While the Affordable Care Act (“ACA”) was handed down some time ago, I am still processing the decision. 132 S. Ct. 2566. One of the first issues the Court had to address is whether the taxpayer had standing to bring the suit. Under the Anti-Injunction Act (“AIA”), 26 U.S.C. 7421(a), “no suit for the purpose of restraining the assessment or collection of any tax shall be maintained in any court by any person, whether or not such person is the person against whom such tax was assessed.” Before I look to the Court’s analysis, I want to spend some time on the language of this section. The language here is very broad and encompassing, such that it includes “any tax” in “any court’ by “any person.” While there are limitations imposed prior to the portion of subsection (a), they are very limited, and not used by the Court in its analysis. The only question that remains is what is considered a tax. The Court will play gymnastics in order to say in one section the ACA is not a tax for the purpose of the AIA, but in the next section claim that the same provision is a tax for the purposes of constitutionality. The next few posts are not concerned with the constitutionality of the ACA; that may be discussed at a later date, but not likely. I will only look at if the Court can really side-step the AIA in the manner it did, and if it could not, did it really have standing to hear the case at the time it did.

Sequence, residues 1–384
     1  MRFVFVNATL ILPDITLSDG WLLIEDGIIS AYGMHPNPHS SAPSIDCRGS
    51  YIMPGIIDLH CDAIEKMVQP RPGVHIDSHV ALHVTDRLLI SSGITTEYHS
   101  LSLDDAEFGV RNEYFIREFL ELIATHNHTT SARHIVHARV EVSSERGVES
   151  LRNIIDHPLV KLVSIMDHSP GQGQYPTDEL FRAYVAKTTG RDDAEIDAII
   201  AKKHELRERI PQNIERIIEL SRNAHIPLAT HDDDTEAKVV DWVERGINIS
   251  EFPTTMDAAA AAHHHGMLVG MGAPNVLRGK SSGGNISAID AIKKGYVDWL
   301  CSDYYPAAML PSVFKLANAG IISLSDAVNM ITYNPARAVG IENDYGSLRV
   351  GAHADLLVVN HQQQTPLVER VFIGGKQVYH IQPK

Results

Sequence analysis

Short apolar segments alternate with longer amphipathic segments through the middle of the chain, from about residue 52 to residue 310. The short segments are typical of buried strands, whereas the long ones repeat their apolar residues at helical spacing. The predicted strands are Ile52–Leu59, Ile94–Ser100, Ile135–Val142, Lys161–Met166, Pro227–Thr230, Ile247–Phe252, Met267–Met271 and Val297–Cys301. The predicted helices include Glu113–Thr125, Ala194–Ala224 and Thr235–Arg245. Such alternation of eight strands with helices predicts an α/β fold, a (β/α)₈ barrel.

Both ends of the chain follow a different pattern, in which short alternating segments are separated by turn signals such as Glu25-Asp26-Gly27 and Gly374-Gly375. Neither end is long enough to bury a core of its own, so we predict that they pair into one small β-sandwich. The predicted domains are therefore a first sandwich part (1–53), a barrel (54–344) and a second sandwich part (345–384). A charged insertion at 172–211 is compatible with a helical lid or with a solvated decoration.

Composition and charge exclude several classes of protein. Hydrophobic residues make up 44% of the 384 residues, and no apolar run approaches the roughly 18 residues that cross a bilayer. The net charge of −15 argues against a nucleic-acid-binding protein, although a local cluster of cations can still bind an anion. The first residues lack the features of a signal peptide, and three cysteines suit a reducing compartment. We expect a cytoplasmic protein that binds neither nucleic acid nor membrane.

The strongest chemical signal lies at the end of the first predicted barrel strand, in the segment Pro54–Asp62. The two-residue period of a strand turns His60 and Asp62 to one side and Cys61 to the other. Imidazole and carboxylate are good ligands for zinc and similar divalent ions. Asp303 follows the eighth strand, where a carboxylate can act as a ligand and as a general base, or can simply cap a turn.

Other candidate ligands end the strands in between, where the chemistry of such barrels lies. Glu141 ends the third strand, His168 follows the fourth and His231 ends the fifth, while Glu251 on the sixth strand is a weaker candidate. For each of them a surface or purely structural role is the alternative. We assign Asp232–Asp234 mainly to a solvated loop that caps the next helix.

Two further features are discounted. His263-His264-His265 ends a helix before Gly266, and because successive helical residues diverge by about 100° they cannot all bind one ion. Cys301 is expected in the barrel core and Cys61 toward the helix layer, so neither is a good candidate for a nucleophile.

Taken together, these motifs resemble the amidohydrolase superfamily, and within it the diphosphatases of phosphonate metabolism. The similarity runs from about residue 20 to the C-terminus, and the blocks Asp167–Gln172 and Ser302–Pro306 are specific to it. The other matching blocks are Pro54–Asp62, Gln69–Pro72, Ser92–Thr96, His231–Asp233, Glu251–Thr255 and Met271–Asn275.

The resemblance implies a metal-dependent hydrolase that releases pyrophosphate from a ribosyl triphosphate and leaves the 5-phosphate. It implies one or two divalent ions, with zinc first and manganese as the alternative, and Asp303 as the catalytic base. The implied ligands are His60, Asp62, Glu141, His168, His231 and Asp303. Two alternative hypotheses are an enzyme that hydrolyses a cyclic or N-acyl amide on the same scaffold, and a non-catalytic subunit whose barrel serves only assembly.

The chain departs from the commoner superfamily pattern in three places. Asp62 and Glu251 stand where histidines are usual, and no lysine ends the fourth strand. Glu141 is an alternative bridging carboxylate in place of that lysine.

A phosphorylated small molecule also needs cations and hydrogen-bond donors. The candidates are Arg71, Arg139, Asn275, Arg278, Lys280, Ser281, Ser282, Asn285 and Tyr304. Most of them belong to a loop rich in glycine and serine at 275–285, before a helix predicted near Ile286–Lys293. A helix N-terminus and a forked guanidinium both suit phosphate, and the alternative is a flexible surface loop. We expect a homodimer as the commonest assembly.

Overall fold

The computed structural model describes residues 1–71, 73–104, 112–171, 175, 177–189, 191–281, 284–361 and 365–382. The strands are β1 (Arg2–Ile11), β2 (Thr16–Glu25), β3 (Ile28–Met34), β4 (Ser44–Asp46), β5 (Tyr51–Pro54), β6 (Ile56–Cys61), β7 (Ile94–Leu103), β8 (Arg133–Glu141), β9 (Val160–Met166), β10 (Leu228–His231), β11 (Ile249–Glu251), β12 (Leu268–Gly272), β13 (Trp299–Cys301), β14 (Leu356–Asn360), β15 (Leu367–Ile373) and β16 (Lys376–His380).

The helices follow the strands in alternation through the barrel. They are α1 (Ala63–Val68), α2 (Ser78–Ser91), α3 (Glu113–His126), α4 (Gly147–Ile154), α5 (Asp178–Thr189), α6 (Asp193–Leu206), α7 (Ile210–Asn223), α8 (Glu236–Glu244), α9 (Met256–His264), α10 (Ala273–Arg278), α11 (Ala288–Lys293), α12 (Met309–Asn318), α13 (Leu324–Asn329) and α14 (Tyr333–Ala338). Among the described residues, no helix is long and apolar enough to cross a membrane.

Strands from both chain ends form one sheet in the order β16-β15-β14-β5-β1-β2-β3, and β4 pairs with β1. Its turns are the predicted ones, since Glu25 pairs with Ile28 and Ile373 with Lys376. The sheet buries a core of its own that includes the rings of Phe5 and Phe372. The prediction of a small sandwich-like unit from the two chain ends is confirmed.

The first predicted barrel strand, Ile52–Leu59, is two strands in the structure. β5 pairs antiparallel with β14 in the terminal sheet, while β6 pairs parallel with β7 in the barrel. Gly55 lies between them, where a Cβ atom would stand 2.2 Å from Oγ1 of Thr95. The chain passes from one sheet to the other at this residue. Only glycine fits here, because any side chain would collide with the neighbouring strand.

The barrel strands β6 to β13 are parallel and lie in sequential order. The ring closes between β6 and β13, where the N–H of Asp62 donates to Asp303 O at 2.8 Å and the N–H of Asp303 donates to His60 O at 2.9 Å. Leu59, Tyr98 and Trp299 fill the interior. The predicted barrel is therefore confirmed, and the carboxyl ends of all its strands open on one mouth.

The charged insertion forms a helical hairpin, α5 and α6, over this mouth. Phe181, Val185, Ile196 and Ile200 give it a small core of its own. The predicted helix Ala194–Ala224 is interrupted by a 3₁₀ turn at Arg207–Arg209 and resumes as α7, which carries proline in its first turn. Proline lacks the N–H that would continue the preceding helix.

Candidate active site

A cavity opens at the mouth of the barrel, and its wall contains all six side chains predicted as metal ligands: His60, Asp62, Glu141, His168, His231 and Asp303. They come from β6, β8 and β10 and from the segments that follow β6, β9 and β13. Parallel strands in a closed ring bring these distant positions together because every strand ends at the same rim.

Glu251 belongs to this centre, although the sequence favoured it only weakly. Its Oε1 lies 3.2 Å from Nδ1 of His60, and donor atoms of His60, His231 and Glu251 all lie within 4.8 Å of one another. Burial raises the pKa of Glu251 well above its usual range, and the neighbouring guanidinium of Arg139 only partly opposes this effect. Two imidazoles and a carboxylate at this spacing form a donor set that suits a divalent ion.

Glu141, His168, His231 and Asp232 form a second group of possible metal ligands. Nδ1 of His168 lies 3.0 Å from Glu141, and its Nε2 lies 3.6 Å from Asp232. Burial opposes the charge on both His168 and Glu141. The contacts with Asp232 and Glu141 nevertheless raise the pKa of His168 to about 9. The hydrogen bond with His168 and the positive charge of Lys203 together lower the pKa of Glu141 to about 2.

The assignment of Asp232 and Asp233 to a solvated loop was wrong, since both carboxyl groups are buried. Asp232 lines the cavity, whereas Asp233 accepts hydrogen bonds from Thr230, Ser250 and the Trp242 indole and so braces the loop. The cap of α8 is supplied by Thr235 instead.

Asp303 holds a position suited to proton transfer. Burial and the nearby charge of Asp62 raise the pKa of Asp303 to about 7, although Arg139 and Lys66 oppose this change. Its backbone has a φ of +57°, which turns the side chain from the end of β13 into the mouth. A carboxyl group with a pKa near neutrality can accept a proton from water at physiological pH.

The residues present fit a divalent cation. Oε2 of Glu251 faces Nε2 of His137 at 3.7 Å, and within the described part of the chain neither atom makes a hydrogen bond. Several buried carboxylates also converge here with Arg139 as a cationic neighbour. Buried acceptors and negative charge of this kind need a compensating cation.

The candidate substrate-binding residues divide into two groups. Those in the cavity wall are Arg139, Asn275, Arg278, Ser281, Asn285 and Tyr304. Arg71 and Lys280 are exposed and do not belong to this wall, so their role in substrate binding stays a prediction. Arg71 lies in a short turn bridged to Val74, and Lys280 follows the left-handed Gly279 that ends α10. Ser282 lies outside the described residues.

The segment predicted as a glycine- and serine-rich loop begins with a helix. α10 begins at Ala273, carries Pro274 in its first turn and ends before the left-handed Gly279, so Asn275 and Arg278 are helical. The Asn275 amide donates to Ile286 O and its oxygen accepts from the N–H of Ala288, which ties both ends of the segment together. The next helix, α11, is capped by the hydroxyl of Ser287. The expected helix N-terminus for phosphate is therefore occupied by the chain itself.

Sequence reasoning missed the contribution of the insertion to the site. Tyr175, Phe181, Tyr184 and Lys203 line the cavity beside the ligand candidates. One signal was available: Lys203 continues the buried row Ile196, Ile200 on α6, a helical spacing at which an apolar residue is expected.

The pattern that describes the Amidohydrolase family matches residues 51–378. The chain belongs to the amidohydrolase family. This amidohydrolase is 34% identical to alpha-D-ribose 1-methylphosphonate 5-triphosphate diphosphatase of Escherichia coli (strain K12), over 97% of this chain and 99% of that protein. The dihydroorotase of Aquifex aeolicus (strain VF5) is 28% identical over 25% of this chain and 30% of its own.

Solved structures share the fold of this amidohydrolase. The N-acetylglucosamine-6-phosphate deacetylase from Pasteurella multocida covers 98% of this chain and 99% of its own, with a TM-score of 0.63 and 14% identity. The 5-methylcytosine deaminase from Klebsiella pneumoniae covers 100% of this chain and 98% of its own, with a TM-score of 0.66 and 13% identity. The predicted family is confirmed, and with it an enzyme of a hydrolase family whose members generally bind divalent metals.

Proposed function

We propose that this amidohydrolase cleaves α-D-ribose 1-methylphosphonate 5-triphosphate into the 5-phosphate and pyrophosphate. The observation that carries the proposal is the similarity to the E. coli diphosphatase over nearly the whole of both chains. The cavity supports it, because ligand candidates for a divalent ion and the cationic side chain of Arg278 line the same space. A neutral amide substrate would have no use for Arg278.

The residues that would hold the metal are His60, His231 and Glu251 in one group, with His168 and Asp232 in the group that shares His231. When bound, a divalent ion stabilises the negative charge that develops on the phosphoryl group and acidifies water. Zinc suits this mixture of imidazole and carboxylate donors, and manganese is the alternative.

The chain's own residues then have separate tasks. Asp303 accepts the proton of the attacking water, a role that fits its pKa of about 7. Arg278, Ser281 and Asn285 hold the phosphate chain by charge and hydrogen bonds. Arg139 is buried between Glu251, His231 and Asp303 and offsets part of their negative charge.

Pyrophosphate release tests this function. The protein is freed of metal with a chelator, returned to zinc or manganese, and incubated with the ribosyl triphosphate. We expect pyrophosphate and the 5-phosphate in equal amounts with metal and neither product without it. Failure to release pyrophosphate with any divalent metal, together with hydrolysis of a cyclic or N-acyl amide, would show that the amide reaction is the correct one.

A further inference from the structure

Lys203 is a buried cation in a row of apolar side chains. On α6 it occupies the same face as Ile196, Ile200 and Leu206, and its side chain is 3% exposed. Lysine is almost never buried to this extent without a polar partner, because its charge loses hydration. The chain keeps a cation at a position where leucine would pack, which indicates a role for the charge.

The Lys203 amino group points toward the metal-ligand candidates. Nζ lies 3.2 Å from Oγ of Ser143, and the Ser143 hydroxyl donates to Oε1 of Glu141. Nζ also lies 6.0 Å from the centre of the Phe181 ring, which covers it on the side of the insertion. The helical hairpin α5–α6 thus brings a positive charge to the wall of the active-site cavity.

If nothing else, we learn from this case that the Chief Justice apparently did not sing along at the Court’s annual Christmas party. See Paul L. Caron, Mamas Don’t Let Your Babies
Grow Up to Be Tax Lawyers, 135 Tax Notes 1358, 1362 (relating a tale by Justice Souter in which he claimed that if he did not sing along at the annual Christmas party, he would be assigned all the tax cases).